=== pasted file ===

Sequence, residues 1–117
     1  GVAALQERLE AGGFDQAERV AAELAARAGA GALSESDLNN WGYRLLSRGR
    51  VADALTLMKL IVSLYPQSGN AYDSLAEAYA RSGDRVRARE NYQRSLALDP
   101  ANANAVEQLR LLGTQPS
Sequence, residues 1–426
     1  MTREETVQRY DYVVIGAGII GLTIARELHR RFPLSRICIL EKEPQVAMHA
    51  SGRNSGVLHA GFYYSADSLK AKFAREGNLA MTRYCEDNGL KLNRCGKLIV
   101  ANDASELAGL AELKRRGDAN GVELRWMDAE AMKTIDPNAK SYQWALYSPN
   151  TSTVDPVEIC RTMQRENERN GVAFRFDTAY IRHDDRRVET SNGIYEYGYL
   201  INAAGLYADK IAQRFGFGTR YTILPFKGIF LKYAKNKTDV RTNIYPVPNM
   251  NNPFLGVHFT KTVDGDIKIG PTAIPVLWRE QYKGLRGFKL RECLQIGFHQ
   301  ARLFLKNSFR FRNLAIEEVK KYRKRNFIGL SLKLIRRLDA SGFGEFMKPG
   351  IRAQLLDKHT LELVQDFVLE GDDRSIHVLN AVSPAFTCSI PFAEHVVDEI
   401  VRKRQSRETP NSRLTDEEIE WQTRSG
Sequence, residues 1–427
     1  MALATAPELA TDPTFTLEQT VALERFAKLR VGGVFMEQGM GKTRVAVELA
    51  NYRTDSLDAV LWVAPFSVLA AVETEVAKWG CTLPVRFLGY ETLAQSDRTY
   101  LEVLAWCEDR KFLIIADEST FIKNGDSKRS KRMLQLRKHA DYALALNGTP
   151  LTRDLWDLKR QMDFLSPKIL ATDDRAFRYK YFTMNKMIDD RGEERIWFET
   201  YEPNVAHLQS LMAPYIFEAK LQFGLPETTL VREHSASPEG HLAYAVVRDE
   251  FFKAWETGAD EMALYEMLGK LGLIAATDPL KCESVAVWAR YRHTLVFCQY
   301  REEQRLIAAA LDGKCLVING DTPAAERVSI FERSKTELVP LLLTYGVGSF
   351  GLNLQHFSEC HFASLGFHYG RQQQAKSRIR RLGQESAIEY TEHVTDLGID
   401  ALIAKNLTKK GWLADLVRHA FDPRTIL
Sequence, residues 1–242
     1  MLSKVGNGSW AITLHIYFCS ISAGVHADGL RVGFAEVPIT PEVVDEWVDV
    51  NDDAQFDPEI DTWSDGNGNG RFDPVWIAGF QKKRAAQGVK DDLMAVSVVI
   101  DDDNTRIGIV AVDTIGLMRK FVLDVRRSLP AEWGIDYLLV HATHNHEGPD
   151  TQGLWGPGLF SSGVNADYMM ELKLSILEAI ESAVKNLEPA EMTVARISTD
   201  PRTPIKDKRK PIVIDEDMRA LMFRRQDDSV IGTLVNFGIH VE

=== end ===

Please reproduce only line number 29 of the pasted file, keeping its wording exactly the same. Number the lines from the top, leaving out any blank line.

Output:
   151  TQGLWGPGLF SSGVNADYMM ELKLSILEAI ESAVKNLEPA EMTVARISTD